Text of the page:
Sunday, 7 March 2010

Meet the Glocals

Ok, so this is a bit rushed. I'm sorry. Some time in the middle of March, the OED should be adding some new words to their beloved dictionary, which gets people like me incredibly excited. I realised last night that I'd never commented on their inclusions from December, as they do them quarterly. So, I give you the highlights of the OED's December 2009 update. Have fun!

Blogosphere - That's right, I'm now writing this in a space recognised by the OED. Huzzah! This is an example of how thorough usage of a new word has to be before it's entered actually. This little baby's been with us since ol' 1999. Mind you, it might be a little outdated already. I wonder if "Twitterati" will find its way in?

Adultescent - Funny looking word, innit? That's because it's adolescence, but for adults. It refers to someone who's kept their teenage interests going much longer than most people. Oftentimes, you'd expect these sorts might be in the pop music industry, or in orbit around that area. I can't help but feel, sadly, that this is a word invented so society can avoid saying "people who need to grow up a bit". Not that the adultescents will notice, though, they're probably still in bed.

Conspiratorialist - So, how long did it take you to work out this was an American word? It's pretty much the same thing as a conspiracy theorist, except it sounds much more like a member of a cult, or something Bush would say. Actually, I've been noticing that with a lot of American nouns recently. Maybe it's worth looking into... maybe it's government mind control...

Glocalization - Now, this is an odd word. It means making something global and local. Doesn't make sense? I know, it confused me a bit, too. It's turning a world wide issue into a personal one. Example: "Climate change is destroying the ice caps!" could become "In 20 years, polar bears will live in your fridge!" See? Suddenly, it's a bit more pressing.

Taxflation - Yeah, there was always going to be one about money, wasn't there? It's all to do with paying more taxes as inflation makes you richer (remember the old days?). For such a serious matter, a word based on a play on sound ("taxflation" = "taxation") seems a little light-hearted to me. It's almost as if those people who play with money for a living are a tad careless...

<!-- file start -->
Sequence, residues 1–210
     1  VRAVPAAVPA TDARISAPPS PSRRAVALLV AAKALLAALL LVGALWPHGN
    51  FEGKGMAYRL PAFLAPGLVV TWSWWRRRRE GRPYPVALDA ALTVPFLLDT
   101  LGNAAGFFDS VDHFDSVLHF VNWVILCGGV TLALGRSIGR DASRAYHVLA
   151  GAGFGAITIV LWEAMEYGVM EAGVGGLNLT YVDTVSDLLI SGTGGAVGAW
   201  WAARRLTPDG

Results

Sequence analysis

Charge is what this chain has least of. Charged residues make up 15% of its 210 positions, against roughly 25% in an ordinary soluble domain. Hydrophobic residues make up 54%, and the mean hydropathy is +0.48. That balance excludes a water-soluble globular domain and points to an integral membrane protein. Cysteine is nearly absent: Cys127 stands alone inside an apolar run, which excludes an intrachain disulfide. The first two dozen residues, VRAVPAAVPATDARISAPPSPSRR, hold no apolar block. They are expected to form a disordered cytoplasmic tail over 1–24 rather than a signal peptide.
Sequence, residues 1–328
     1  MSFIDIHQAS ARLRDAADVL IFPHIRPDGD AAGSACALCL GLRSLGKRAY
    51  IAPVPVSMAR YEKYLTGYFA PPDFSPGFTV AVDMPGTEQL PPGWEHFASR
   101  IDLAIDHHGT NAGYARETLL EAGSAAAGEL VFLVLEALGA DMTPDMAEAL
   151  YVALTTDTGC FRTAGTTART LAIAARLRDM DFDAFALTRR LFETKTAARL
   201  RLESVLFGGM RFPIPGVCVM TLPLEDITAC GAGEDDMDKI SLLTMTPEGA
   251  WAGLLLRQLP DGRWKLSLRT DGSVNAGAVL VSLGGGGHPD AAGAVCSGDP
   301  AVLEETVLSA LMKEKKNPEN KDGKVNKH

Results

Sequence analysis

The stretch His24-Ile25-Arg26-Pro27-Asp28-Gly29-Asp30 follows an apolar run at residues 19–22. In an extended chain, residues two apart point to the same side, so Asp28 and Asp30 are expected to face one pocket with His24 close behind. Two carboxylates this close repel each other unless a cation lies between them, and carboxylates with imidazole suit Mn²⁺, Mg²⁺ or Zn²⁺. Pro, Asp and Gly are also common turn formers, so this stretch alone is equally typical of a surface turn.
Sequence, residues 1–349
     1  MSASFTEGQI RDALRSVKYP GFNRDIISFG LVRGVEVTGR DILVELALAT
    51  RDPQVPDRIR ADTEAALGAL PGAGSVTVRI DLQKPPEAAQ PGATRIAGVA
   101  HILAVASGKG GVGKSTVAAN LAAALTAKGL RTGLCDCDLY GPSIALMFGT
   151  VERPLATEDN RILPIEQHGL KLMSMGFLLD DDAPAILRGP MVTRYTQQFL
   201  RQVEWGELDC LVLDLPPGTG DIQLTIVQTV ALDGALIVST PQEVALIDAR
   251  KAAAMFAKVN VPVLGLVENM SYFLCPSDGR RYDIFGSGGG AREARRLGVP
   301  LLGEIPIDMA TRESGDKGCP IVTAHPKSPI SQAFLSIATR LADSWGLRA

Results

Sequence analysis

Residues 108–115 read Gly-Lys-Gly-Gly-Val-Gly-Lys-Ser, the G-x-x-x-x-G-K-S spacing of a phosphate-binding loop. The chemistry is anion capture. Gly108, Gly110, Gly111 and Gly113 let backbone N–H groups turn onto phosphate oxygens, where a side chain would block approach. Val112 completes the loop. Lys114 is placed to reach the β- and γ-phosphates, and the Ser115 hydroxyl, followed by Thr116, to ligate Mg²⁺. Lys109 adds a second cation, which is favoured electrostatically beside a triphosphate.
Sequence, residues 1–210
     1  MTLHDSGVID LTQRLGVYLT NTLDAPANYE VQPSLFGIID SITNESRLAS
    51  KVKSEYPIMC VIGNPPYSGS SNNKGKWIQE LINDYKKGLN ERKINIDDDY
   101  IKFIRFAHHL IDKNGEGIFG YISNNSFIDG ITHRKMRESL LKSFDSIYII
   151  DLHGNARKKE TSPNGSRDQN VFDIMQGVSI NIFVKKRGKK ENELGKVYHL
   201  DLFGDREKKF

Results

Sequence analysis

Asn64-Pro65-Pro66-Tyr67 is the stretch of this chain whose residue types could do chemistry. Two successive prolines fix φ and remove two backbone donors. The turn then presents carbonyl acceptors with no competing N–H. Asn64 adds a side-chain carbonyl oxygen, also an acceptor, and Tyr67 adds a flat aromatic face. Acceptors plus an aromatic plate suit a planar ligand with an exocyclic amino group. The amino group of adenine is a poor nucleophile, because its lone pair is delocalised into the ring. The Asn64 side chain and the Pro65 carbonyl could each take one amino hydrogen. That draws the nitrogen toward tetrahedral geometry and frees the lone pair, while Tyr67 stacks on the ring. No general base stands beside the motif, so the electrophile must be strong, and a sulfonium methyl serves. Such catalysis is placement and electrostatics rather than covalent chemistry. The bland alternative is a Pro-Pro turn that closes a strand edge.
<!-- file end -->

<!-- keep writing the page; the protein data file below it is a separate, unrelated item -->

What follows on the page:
Apartotel - Another one of these blended words. Place your bets on what it's a mix of! That's right, "apartment" and "hotel". In essence, a hotel room with self service, like an apartment. Interestingly enough, it started off life as a brand in Spain. It's a good bit of marketing, getting the name of the thing you deal in used as an everyday word.

-zilla - I've saved the best until last here. "-zilla" is a suffix, so you can use it at the end of most nouns, and make 'em mean something gargantuan, and comically over-sized, like what Godzilla was. The best example from the OED was a "thespzilla", an actor (thespian), so dominant and overbearing as to look stupid. "Bridezilla", by the way, even got a separate entry as its own word. I'll leave you to mull.

So these are some of the new words that entered the great compendium of the English language at the end of the naughties. Take a long, hard look, everyone. That's the past decade you could sum up right there.

Now, I've booked an apartotel, but my taxflation means I have to share it with an adultescent conspiratorialist I met in the blogosphere in my guise as a geekzilla. The room's in your garden, by the way, just to glocalize the situation.


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